The Bacchus corporate culture is simple: Offer the same hospitality to everyone as you would to guests in your home. “Our overall core value,” Green begins, “is everyone leaves happier than when they walked in. We initially applied it to the guests, and then we realized that if you put just as much emphasis on your employees, you were more likely to have a [positive] outcome for your guests.”
The group’s cuisine doubles down on that idea. As Stannard says: “Whenever we cook a spring meal together, we focus on fresh and light flavors, ingredients that need to be treated delicately and simply. No long-simmering braises; instead, think fresh cherries tossed with sweet wine and lamb rolled in a cloud of fresh herbs.”
Young Fava Beans
Carpaccio of Champignon de Paris, Watermelon Radishes, Meyer Lemon Vinaigrette
“Champignon de Paris is basically a white or button mushroom. Before I went to Paris, I hadn’t had the ones that are so fresh they have a kind of bloom, almost like cheese. I make a bed with them and radishes, put bright, sweet fava beans on top and a vinaigrette over. Sometimes I’ll add a little pecorino but, really, less is more.”—Mark Sullivan, executive chef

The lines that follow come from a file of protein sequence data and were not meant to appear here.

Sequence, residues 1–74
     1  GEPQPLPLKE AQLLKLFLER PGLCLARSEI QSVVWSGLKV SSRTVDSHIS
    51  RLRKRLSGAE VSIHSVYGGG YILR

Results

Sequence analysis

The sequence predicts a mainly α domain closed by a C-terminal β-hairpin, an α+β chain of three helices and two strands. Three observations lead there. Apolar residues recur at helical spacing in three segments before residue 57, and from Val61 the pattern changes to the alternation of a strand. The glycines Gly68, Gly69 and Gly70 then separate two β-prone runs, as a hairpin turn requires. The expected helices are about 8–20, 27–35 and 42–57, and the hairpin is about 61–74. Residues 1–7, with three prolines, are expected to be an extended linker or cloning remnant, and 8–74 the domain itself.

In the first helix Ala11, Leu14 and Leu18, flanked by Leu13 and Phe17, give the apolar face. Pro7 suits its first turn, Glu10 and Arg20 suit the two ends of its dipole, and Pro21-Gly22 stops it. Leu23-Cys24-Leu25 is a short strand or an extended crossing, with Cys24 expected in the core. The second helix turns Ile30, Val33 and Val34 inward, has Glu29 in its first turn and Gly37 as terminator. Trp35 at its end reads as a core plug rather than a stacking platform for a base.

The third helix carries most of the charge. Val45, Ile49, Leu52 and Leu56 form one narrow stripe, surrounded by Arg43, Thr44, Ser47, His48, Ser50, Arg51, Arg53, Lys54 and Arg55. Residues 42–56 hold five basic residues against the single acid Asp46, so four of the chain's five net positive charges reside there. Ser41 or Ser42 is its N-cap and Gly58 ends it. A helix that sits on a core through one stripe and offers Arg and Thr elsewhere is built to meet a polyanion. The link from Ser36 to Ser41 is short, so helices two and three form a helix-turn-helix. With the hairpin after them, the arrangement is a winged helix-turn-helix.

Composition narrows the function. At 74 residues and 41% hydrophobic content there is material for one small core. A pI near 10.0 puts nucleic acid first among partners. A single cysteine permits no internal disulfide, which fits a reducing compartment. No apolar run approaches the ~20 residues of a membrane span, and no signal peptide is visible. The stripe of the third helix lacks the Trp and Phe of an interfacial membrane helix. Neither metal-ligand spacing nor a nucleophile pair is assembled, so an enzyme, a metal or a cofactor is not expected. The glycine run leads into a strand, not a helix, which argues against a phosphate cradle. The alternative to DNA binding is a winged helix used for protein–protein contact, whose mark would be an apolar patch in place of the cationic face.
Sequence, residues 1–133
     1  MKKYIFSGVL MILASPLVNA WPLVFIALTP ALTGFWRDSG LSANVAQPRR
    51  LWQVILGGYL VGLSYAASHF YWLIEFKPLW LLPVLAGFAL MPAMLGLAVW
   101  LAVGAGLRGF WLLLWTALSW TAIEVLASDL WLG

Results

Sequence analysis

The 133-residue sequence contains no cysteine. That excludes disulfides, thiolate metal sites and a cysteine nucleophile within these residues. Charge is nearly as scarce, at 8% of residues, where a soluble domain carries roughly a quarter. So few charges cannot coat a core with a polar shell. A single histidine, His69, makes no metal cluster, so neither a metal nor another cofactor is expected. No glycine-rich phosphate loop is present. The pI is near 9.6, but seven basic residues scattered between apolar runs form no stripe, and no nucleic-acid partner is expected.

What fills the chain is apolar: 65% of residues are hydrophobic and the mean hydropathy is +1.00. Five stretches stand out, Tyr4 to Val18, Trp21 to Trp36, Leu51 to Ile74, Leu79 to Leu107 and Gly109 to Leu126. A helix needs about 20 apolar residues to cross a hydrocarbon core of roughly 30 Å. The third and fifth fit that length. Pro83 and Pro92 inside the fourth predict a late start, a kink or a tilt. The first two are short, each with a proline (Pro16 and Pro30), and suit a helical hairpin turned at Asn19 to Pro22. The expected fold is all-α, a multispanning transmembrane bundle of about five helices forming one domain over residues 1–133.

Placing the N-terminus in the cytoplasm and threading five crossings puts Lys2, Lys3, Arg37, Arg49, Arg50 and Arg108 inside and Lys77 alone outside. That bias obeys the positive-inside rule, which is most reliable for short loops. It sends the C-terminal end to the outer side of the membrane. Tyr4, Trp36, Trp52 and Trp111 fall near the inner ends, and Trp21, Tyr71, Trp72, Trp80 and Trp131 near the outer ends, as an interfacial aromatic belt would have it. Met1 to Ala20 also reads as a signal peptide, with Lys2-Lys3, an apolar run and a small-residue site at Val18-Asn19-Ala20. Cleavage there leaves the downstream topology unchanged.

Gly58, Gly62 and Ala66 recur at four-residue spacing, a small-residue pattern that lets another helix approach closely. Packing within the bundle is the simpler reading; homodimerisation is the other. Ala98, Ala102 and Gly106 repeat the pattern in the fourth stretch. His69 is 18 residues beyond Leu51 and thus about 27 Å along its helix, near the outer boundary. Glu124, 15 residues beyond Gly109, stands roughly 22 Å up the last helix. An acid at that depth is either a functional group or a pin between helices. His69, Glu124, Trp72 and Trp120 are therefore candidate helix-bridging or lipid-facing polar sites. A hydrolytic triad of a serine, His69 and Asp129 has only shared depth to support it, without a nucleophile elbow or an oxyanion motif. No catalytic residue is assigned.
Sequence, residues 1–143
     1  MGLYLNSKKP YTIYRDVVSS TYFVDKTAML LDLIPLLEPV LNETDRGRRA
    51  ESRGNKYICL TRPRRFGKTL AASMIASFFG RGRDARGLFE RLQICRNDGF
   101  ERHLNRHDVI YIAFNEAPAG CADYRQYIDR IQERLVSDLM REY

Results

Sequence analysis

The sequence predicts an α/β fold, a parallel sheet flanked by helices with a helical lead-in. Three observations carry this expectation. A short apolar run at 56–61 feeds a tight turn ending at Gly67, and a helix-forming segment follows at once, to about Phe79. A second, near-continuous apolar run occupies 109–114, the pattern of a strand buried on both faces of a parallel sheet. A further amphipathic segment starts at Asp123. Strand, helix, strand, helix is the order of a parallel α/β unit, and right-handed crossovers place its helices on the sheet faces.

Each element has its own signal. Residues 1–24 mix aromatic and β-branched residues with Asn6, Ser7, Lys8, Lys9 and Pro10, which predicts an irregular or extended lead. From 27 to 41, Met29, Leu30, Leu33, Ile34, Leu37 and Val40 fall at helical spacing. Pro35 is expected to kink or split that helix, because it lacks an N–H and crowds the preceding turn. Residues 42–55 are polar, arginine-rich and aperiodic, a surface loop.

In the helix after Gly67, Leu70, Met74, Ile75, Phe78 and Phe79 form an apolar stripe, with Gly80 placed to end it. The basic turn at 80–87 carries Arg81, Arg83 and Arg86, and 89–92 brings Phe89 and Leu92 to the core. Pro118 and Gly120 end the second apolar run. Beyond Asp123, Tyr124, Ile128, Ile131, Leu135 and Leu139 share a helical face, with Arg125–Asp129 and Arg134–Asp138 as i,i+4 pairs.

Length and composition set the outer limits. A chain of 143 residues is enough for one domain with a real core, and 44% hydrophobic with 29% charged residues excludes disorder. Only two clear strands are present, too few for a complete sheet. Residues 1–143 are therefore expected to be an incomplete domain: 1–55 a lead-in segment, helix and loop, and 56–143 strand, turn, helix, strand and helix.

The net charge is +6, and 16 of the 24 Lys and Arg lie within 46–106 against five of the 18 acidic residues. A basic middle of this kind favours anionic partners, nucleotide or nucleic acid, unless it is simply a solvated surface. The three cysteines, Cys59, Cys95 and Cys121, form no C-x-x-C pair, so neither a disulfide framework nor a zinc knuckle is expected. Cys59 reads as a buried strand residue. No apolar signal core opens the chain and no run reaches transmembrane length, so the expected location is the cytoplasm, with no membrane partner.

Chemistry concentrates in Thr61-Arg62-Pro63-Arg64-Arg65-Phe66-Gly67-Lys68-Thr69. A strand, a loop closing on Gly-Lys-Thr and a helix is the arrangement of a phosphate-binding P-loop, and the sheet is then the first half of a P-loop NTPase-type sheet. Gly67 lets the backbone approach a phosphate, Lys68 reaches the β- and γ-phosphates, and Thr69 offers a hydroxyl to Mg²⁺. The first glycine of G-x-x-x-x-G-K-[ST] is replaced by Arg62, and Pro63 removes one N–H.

- ¼ brioche loaf with crusts removed, cut into ¼-inch cubes
- 1 ½ tablespoons butter
- 2 sprigs thyme
- 1 garlic clove, smashed
- 2 tablespoons shallot, finely minced
- ⅓ cup Meyer lemon juice
- 2 tablespoons calamansi vinegar
- ⅔ cup premium-quality, extra-virgin olive oil
- 2 watermelon radishes (aka strawberry radishes), approximately 2 inches in diameter
- 3 pounds fresh young fava beans, in their pods
- 16 large Champignons de Paris (aka button mushrooms)
- 16 small mint leaves, snipped into tiny triangles
- Salt and coarsely cracked black pepper, to taste
- Finishing salt, to taste
1. Make the brioche croutons: Place the butter, thyme and garlic in a sauté pan over medium heat. Allow the butter to foam, then immediately add the cubed brioche. Gently stir the cubes so they’re nicely coated in the butter, adding a pinch of salt and a few cracks of black pepper. Turn the heat to low and continue tossing the brioche croutons in the pan for 2 to 3 minutes, or until they’re golden brown and crispy.